If Fox Sports were to tap a spokesman for its U.S. Open coverage, I’d nominate Rickie Fowler for the job.
Think about it. Like Fowler, Fox is flashy, having brought some great technical innovations to its productions in its first three years as the U.S. Golf Association’s television partner. Fox has plenty of talent; I could quibble with some of its hires, but its crew is plenty good enough. And like Fowler, Fox is on the verge of having that one magical week when everything clicks and even its naysayers finally acknowledge: Yes, it’s worthy of the big stage.
Just as I root for Fowler, I also root for Fox, because I want to enjoy watching golf rather than feel, as I often do, that it’s an obligation. Competition and new ideas should elevate the medium.
It was a bad old idea, however, that offset some of the good things Fox did during the U.S. Open at Erin Hills. The shows felt top-heavy as Fox seemed determined to show all the experts it has assembled.
That hit me early Sunday when I saw four men in the 18th tower – Shane O’Donoghue, Darren Clarke, Curtis Strange and Gil Hanse – and only one reporter (Juli Inkster) on the course. My first thought was: The math is wrong. I’d rather have one or two people in the tower and three or four on the course. If Clarke and company were dazzling viewers with their insights, perhaps you could rationalize all of the pundits in the tower. But no golf announcer is that interesting; so get more people on the course to tell the story.
The more pressing concern was this nagging sense that I felt oddly disconnected from the action on course. Fox has taken pains in other sports – particularly motorsports – to bring viewers closer to the action. But its crew configuration at the U.S. Open prevented that. Far too much of the action was called from the 18th tower.
The problem is that those announcers are, in a sense, no closer to the action than you or me. When Joe Buck or Paul Azinger are calling a shot from the tower, they’re watching it on a monitor, much like viewers at home. Yes, they know the course and the players better than viewers, but they’re not down there among the action.
Fox needs to do a better job of integrating its on-course reporters into its coverage. That would do at least two things: bring more voices and a more conversational flow to the live shows and, more importantly, provide real-time information on course conditions and players’ attitudes. It also would relieve Azinger and Brad Faxon of play-by-play duties, where their enthusiasm often seemed manufactured and excessive (for example, Faxon referring Sunday to Fowler’s “un-be-liev-able birdie putt,” which, to these eyes, looked like a straightforward, uphill 12-footer on No. 1).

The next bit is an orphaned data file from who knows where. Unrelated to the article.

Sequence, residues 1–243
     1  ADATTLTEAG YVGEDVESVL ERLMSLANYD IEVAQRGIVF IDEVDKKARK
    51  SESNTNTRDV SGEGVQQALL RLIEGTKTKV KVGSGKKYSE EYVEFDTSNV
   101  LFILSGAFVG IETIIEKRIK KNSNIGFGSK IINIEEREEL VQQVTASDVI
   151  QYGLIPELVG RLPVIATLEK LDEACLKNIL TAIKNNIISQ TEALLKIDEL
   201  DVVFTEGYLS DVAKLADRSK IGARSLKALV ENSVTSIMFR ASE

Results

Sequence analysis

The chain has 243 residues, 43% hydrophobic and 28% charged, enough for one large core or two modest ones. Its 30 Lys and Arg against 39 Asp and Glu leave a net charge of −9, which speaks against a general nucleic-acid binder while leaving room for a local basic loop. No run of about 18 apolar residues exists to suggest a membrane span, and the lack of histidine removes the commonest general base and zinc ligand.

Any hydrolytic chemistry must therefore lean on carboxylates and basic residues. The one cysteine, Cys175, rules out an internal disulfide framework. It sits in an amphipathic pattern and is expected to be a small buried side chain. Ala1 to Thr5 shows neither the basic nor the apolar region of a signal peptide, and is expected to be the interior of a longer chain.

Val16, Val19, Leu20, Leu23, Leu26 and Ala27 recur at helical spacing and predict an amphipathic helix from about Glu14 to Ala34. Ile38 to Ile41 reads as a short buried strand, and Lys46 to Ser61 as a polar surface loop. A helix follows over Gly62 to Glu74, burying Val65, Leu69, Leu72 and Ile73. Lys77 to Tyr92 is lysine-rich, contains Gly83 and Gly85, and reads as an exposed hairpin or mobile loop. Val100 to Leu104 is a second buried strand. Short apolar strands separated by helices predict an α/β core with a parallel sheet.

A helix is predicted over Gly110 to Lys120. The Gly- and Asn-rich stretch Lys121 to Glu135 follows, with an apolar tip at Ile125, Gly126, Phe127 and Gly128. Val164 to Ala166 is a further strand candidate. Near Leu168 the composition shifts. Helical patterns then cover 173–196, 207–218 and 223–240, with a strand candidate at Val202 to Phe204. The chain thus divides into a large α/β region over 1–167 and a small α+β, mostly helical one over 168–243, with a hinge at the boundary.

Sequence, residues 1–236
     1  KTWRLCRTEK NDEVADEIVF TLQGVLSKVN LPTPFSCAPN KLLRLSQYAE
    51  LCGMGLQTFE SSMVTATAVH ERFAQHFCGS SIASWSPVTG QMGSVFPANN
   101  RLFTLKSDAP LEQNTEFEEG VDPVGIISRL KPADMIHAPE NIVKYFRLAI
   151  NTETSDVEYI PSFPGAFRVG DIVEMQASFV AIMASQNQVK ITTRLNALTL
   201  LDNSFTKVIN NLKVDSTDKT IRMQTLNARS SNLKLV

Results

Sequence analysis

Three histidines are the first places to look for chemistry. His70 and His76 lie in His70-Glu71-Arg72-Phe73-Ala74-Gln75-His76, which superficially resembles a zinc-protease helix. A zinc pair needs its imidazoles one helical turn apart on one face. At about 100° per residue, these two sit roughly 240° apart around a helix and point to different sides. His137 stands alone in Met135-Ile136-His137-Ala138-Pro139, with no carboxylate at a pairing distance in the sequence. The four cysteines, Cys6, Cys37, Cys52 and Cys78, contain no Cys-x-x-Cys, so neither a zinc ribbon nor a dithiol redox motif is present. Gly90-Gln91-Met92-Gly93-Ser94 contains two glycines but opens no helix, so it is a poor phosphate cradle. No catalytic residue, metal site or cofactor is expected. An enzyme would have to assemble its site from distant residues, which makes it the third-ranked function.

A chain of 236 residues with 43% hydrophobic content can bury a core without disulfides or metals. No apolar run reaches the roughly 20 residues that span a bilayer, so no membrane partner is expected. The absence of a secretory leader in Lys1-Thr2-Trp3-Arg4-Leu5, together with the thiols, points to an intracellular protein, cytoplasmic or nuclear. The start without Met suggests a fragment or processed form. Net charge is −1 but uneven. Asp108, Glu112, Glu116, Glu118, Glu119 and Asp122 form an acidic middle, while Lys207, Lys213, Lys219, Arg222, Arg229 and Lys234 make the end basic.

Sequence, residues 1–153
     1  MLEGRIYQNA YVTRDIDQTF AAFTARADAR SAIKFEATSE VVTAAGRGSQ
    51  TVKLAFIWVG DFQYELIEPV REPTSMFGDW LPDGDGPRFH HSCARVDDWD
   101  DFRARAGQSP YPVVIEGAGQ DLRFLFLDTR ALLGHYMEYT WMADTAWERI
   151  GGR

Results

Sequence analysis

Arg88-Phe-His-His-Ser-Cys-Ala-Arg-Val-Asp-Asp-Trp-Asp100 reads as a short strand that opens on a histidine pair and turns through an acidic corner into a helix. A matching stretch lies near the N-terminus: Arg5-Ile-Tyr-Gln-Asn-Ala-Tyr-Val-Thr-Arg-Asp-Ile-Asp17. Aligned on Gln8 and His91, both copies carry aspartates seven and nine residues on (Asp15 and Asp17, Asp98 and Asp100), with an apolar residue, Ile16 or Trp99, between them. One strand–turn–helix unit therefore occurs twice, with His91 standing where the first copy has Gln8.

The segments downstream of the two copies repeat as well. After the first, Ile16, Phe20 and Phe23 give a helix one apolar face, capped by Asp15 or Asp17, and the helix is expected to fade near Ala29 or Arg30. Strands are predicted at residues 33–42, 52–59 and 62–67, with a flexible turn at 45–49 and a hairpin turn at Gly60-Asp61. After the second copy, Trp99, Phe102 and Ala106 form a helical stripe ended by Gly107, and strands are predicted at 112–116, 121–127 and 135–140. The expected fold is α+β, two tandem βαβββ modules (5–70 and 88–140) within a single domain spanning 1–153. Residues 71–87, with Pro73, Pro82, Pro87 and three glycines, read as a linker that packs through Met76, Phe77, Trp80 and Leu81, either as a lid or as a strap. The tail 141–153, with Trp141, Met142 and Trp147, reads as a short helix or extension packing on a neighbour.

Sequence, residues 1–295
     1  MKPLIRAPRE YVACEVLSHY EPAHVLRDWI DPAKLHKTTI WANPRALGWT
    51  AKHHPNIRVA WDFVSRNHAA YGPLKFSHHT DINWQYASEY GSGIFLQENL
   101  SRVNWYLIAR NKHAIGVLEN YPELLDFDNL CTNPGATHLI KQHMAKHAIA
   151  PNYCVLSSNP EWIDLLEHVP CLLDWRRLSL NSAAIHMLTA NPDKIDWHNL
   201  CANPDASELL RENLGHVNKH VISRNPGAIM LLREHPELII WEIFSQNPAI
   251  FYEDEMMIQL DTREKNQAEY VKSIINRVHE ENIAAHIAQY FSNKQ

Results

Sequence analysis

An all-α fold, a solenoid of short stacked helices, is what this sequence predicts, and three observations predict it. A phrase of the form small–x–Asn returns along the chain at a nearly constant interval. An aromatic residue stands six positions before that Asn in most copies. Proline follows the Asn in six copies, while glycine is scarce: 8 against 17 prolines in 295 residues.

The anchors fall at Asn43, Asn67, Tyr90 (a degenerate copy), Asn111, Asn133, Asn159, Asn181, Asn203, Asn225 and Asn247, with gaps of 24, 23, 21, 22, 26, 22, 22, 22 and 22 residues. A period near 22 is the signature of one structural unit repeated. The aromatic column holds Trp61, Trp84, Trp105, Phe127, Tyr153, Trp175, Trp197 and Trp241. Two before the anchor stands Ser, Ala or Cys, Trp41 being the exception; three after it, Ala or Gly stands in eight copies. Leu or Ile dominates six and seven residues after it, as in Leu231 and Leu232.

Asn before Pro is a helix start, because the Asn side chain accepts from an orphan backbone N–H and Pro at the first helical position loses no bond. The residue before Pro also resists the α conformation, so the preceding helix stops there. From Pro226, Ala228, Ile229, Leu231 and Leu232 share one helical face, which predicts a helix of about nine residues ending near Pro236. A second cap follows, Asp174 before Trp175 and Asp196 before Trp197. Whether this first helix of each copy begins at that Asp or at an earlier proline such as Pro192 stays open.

Analysts should talk a little and say a lot. No one has been better at that in recent years than Azinger. But in Fox’s configuration, Azinger and Faxon had to carry way too much of the load.
When we did hear from on-course announcers, it too often was Inkster, who’s prone to saying cringe-worthy things such as this about Stephan Jaeger: “He’s been moving up the ladder, going to these different, you know, sites to play different golf, and he’s doing really well right now.”
Atmospherics also didn’t help Fox. Buck felt obliged to tell viewers that the persistent drone of planes overhead was not something the network could control. And there was no intimacy to the setting; the fans rarely were near the action and roars seemed tepid or dispersed across Erin Hills’ vast landscape. It also didn’t help that the biggest stars – Phil, Rory, Dustin, Jason, etc. – weren’t factors in this Open.
For a time, Fowler seemed ready to step into the void and collect his first major. But in the end, his execution wasn’t quite as sharp as it needed to be. The same could be said of Fox.